By the time I had reached the age of twelve I was an extremely good thief. Shoplifting was my specialty. I stole an entire set of oil paints from the local stationary store. I went for the deluxe model, large tubes of paint, brushes, linseed oil, turps, a palette and palette knives – no point in stealing cheap shit. I had been doing a lot of drawing and painting since I was four or five, but when I discovered oil painting, I went ape shit. Water colors are not a little boy’s medium, they are delicate and unforgiving. But oil paints – you can smear it on and scrape it off, make big gooey glops or light washes. I fell in love…
My dad was a reporter for the local newspaper and he was covering a trial involving the art teacher at the local junior college which was part trade school and part the first two years of University. Columbia Basin College, known throughout the state and even the nation for its football teams, basketball teams, baseball, track and even golf teams. Also a great place to study agriculture or welding. Then they hired Francis Coehlo to teach art.
Francis was a brilliant artist and teacher, his wife was a brilliant musician. I think she played cello in the Chicago philharmonic before coming to Pasco. They’d both grown up in farm country and now they had two children of their own, so they wanted to move somewhere that had a little more fresh air and wholesomeness than Chicago could offer.
Teaching art at Columbia Basin College had two other advantages for Francis – it had a good physical layout with lots of supplies for the students, and he could be his own boss. Day one in his classes started with him giving a tour of the facilities…
‘There’s the pigment, there’s the canvass, there’s the clay, there’s the carpentry tools, there’s the paper, there’s the door to my office. It’s always open. Come in and talk any time. About anything.’
And Francis was there, ready to talk about anything – from painting, to philosophy, to football, to abortion (he was in favor, this was 1961) to Catholicism (he used to be) to atheism (he was now). At the end of the term, each student would bring their work into the office – or a selection if they’d done a lot – and talk about what they’d accomplished. Then Francis would ask them what grade they thought they should have, they would tell him, he would write it down, and that was their grade.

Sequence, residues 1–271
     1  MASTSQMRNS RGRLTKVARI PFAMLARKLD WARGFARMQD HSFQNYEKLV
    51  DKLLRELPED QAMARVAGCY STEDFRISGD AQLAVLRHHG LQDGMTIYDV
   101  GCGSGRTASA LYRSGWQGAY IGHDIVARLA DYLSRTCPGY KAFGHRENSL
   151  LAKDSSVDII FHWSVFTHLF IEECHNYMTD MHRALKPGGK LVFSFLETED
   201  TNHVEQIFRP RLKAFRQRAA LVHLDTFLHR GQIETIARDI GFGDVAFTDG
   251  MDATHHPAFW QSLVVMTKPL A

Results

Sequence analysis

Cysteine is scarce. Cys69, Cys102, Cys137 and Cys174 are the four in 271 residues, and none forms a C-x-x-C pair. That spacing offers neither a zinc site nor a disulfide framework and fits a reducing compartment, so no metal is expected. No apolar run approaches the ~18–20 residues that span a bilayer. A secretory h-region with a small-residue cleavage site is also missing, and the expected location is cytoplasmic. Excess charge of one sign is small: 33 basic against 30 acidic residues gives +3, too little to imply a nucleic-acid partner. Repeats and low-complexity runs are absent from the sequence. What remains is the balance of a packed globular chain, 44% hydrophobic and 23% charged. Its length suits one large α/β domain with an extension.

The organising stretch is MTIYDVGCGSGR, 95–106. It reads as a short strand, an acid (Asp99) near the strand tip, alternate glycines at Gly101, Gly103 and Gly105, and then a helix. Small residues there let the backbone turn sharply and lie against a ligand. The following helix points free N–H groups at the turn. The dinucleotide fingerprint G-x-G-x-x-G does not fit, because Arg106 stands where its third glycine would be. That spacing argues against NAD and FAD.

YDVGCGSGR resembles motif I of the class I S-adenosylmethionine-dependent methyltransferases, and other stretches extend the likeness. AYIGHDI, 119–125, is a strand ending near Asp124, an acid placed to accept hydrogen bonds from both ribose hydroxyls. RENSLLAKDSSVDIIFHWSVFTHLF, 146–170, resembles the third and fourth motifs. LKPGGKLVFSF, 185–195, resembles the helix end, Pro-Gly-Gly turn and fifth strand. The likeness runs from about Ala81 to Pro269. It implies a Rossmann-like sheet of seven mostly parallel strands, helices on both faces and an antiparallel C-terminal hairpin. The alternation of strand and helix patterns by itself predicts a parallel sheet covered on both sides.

His theory of teaching was that we were all born artists, but then it gets kicked out of us as we’re growing up. His job as a teacher was simple: stop kicking.
Suddenly, students from Columbia Basin Football Basketball Baseball Track Golf Welding and Agricultural College started winning prizes at art exhibitions all over the West Coast. But that was just the tip of the iceberg. The Art Department at Columbia Basin College became the center for a storm of thinking and creativity amongst all sorts of unlikely students even including big stars on football scholarships who should have had better things to occupy their time.
Naturally, they fired him.
Francis fought it. His students joined in. They made publicity. They made art. They held a big auction to raise money for his defense.
This was all happening while I was busy filling canvasses with paint as fast as I could steal them. Dad got to know Francis from covering the trial and he took me out to meet him.
‘This is my son Fred. He’s an artist, too.’
‘Hello, Fred. Pleased to meet you.’
‘Hello Mr. Coehlo.’
‘So you’re an artist?’
‘I’d love to see your stuff.’
‘We have some of his paintings out in the car.’
For the rest of the year – until the appeal was finally and decisively over – I would carry my paintings up to the college so Francis could look at them. Usually the paintings were wet – I couldn’t wait for them to dry. Sometimes the wind would be blowing and the paintings arrived coated with sand. It made an interesting effect.
Francis would look at my paintings. He never said much more than, ‘That’s interesting.’
But I knew he meant it, that he really was interested and looking forward to seeing the next one. It was all I needed.